Horsenettle

Solanum carolinense L.

Also known as wild potato, sand brier

Note: information is based on experience in the Mid-Atlantic state; recommendations in other regions may vary.

Horsenettle is a perennial species from the Solanaceae family (nightshade). New plants emerge readily from seeds as well as creeping rootstocks.  It tolerates a wide range of soil conditions, including eroded soils.  It is often found in overgrazed pastures. The berries are often  harvested with soybeans and small berries can be difficult to separate from the grain.

Identifying Features

Horsenettle stems and leaves have short, stiff spines. In addition to weed competition, horsenettle affects crop production since its berries are harvested with soybeans and processing vegetables and are difficult to physically separate. Horsenettle plants can be poisonous to animals at high concentrations.

Seed Production

Horsenettle berries contain up to 150 seeds with a single shoot producing up to 5,000 seeds.  Seedlings can emerge from plants buried 2 inches deep.   Plants emerging from seeds can produce creeping rootstocks within 1 to 2 months.  Mature plants arise from thick, deep, horizontal creeping roots. The taproot can grow 4 feet deep; and horizontal roots can spread more than 3 feet per year. 

Horsenettle rootstocks. Picture credit: Mizzou Weed ID guide

Herbicide-Resistance

None reported.

Management

Plants emerging from seeds are controlled with most triazine herbicides (simazine, atrazine, and metribuzin) applied at planting. Plants emerging from overwintering rootstocks are difficult to control. Postemergence applications of glyphosate, Liberty, atrazine, dicamba, or aminopyralid are effective to varying degrees. Burndown treatments of glyphosate or paraquat in the spring will control the emerged portion of the plant, but additional shoots are likely to emerge. The best time to treat it is in the late summer or early fall with glyphosate or dicamba. This species is sensitive to frost, so applications should be made about 2 weeks before a killing frost. Plants damaged by harvest should be allowed time to recover before treatment. Due to the extensive horsenettle root system, 2 to 3 years of consistent management is needed to significantly reduce horsenettle shoots.

Corn

Soil application of atrazine or simazine at planting are effective for plants emerging from seed. Postemergence applications of glyphosate (in Roundup Ready corn), glufosinate (Liberty; in LibertyLink corn), dicamba, or dicamba plus a Group 2 herbicide (halosulfuron, nicosulfuron, primisulfuron) in early June will provide fair to good control for that cropping season but have minimal impact on long-term management of this species. Fields should be treated after harvest and when horsenettle plants are actively growing. Plants damaged by harvest should be allowed time to recover before treating; thus, keeping the combine header as high as possible will result in quicker horsenettle plant recovery. Wait 7 to 10 days after herbicide application before the field is tilled or mowed.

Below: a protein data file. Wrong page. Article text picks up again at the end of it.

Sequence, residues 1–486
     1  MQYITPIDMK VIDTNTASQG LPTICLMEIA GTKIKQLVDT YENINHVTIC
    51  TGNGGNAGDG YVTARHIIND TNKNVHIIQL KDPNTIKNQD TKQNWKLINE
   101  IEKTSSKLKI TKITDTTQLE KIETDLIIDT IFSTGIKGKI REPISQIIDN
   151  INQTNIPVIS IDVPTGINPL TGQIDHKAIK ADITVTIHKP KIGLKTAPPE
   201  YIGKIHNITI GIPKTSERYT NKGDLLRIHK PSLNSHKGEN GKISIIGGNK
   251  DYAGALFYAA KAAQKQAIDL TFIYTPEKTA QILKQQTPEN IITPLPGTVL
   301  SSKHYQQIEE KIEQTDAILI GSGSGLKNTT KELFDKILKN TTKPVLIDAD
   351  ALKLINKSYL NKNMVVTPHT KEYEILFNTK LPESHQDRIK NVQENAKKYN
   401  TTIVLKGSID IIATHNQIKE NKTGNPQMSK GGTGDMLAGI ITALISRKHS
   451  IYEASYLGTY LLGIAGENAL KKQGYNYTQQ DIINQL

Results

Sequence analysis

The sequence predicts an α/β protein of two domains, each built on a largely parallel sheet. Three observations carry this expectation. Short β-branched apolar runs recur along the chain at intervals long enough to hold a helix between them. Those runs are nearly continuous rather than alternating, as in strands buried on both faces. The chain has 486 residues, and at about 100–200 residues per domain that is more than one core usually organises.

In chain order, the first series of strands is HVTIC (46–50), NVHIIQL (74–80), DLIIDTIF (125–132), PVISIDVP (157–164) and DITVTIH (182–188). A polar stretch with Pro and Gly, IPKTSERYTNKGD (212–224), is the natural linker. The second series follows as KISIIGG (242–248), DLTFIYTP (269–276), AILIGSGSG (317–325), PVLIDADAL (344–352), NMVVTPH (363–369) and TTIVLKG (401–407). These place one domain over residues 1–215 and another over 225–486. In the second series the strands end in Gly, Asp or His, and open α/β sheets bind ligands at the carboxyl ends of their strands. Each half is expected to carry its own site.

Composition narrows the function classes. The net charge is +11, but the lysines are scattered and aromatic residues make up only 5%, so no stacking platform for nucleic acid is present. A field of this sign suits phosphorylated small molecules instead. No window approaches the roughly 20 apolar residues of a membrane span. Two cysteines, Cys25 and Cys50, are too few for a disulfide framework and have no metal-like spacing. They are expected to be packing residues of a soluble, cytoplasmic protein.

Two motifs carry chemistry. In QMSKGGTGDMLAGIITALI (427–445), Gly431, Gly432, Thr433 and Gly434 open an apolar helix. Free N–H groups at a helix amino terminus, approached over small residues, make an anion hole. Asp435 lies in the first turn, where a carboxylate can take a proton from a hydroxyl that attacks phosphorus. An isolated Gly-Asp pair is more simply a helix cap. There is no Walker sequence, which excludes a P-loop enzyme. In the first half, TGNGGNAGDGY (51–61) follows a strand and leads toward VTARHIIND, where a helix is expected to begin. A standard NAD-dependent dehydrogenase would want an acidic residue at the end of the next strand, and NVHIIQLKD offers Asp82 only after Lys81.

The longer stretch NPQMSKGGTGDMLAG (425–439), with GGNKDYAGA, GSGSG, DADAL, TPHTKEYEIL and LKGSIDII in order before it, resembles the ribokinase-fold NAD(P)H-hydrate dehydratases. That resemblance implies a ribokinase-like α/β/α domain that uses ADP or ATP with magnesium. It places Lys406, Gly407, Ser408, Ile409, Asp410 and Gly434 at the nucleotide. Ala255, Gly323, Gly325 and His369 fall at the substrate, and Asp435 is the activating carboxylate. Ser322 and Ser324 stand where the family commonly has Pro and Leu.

Sorghum

Soil application of atrazine at planting is effective for seed-ling control, and a postemergence application of dicamba or dicamba plus halosulfuron is effective for suppression of emerged plants. Fields should be treated after harvest and while the horsenettle plants are actively growing. Plants damaged by harvest should be allowed time to recover before treating; thus, keeping the combine header as high as possible will result in quicker horsenettle plant recovery. Wait 7 to 10 days after herbicide application before the field is tilled or mowed.

Soybean

Soil application of metribuzin at planting is effective for plants emerging from seed. Postemergence applications of glyphosate (Roundup Ready corn), glufosinate (Liberty in LibertyLink soybean), or dicamba (Engenia or XtendiMax in Xtend soybean) are effective to control emerged plants. Classic, Pursuit, and Synchrony can provide some suppression. Since soybeans are harvested late in the fall and all of the horsenettle leaves are removed during harvest, postharvest applications are not practical. Glyphosate applications as part of a harvest aid will be of limited benefit due to horsenettle senescence and lower glyphosate rate.

Small Grains

Horsenettle typically does not interfere with small grain due to differences in growth cycles.

Perennial Forages

Grass hay crops should be treated after the last cutting of the year, after allowing horsenettle to recover, but before the forages interfere with spray coverage. Dicamba, aminopyralid, and picloram, in labeled crops and states, provide the most consistent control. Roundup Ready alfalfa can be treated with glyphosate. Spot treatments of glyphosate is the best option for conventional alfalfa, or dicamba in a mixed stand to allow the forage grasses to survive.


This content was presented in “Mid-Atlantic Field Crop Weed Management Guide” (2020), Penn State Ag Communications, AGRS-136

Burcucumber picture credits belong to Mizzou Weed ID Guide https://weedid.missouri.edu/  and to Virginia Tech weed identification guide https://weedid.cals.vt.edu/

IWM best practices are constantly changing and it is GROW’s goal to keep you up to date on the science and advice that best combat herbicide-resistant weeds. Sign up below to stay up to date.

Follow Us:

Other Weeds

Morningglory (Annual species)
Wild Mustard
Wild Radish
Common Lambsquarters
Shattercane